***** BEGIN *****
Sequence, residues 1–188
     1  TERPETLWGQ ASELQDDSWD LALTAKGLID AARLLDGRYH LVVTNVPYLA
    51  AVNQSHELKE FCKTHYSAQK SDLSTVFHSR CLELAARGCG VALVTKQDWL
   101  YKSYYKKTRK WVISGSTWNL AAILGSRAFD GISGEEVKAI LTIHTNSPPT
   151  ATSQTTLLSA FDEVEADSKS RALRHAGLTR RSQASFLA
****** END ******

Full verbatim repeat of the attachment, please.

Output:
Sequence, residues 1–188
     1  TERPETLWGQ ASELQDDSWD LALTAKGLID AARLLDGRYH LVVTNVPYLA
    51  AVNQSHELKE FCKTHYSAQK SDLSTVFHSR CLELAARGCG VALVTKQDWL
   101  YKSYYKKTRK WVISGSTWNL AAILGSRAFD GISGEEVKAI LTIHTNSPPT
   151  ATSQTTLLSA FDEVEADSKS RALRHAGLTR RSQASFLA